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StudioTulsa Medical Monday: A Discussion with Katie Plohocky

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Aired on Monday, November 14th.

On this edition of ST Medical Monday, we chat once again with Katie Plohocky, the founder and director of Tulsa's Healthy Community Store Initiative. This initiative is an umbrella for several programs that Plohocky runs, all of them focused on healthy eating, healthy living, and healthy communities -- these programs include R&G Grocers (Tulsa's mobile grocery store), Cooking for Health (a program that brings farm-fresh food and nutrition to at-risk populations), and a farm-to-table catering operation. She's also the mastermind behind the annual Oklahoma Food Security Summit, which took place last month at the Tulsa Community College campus in North Tulsa. At this summit, Plohocky gave an address about her recently-created program called Hands 2 Harvest. This program, as we learn, is focused on gleaning, which means, basically, both collecting and redistributing excess produce from area farms, gardens, farmers' markets, grocers, restaurants, etc. Plohocky herself gleans from a number of local sites that aren't able to use or harvest all that they have grown or cultivated. As she tells us on today's show, she routinely enlists the aid of volunteers to execute this community-assisting, recycling-minded, waste-decreasing, health-enriching, all-important work.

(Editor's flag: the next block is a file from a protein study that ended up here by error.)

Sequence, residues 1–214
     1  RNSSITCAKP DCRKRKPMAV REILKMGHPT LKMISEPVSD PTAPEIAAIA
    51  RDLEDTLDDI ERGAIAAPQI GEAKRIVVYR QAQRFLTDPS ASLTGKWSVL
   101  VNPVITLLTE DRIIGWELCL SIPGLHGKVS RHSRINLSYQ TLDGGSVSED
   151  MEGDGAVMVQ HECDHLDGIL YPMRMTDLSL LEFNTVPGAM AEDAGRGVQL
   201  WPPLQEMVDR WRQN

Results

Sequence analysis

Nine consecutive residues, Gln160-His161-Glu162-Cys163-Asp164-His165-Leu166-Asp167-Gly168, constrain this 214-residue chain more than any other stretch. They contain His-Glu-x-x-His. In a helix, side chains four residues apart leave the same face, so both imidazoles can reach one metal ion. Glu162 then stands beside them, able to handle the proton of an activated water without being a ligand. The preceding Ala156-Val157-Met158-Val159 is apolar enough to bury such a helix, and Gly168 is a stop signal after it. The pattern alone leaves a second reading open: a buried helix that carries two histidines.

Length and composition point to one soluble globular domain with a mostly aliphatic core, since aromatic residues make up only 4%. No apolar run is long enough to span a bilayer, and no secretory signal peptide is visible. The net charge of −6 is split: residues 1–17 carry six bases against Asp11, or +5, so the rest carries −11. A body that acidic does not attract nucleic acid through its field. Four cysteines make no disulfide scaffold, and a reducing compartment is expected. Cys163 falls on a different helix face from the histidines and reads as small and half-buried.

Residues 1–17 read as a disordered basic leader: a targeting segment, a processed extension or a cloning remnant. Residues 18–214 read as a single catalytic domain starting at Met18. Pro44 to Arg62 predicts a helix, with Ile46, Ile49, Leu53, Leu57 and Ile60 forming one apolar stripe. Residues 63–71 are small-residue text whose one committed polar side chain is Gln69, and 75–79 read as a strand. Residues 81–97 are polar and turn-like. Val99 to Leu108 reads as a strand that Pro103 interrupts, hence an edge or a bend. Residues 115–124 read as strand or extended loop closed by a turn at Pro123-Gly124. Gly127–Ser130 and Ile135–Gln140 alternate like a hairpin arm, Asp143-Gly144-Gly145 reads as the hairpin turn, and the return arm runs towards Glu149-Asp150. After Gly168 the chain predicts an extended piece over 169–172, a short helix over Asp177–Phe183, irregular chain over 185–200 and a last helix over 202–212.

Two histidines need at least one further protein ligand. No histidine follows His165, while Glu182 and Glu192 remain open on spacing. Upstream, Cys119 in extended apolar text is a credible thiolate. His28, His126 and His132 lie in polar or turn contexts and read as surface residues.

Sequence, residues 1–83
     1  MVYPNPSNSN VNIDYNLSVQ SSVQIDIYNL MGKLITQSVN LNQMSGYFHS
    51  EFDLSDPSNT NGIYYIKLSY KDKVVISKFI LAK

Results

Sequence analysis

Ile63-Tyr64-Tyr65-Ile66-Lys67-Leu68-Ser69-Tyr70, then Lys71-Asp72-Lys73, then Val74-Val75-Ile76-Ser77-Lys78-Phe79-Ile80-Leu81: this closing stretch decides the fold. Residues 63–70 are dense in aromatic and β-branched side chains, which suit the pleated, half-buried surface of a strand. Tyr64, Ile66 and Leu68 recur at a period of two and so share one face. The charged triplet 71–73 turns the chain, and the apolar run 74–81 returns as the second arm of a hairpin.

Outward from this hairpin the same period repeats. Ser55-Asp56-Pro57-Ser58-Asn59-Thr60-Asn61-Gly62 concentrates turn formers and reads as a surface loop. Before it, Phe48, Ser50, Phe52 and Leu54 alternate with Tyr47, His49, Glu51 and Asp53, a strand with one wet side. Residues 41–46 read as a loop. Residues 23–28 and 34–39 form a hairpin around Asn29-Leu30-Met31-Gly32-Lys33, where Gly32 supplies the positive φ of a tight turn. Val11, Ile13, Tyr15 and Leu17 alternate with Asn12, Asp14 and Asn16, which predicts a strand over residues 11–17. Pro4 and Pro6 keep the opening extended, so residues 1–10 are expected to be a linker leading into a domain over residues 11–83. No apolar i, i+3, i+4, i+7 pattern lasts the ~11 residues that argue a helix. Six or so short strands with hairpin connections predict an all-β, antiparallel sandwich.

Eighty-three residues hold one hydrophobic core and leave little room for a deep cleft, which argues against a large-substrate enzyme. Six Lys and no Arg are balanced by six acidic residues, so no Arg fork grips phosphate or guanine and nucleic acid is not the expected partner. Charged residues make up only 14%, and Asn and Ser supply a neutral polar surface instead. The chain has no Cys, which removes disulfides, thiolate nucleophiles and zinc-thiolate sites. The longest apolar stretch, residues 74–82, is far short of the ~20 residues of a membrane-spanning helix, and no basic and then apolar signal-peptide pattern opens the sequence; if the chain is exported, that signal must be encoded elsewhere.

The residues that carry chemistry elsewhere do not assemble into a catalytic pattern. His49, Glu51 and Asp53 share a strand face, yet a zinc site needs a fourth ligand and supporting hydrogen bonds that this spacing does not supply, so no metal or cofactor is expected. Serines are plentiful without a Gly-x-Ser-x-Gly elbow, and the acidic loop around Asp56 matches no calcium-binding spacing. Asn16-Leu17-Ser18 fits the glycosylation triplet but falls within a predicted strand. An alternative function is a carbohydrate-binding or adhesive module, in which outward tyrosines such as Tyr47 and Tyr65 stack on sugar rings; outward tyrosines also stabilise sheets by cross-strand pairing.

Rich Fisher passed through KWGS about thirty years ago, and just never left. Today, he is the general manager of Public Radio Tulsa, and the host of KWGS’s public affairs program, StudioTulsa, which celebrated its twentieth anniversary in August 2012 . As host of StudioTulsa, Rich has conducted roughly four thousand long-form interviews with local, national, and international figures in the arts, humanities, sciences, and government. Very few interviews have gone smoothly. Despite this, he has been honored for his work by several organizations including the Governor's Arts Award for Media by the State Arts Council, a Harwelden Award from the Arts & Humanities Council of Tulsa, and was named one of the “99 Great Things About Oklahoma” in 2000 by Oklahoma Today magazine.
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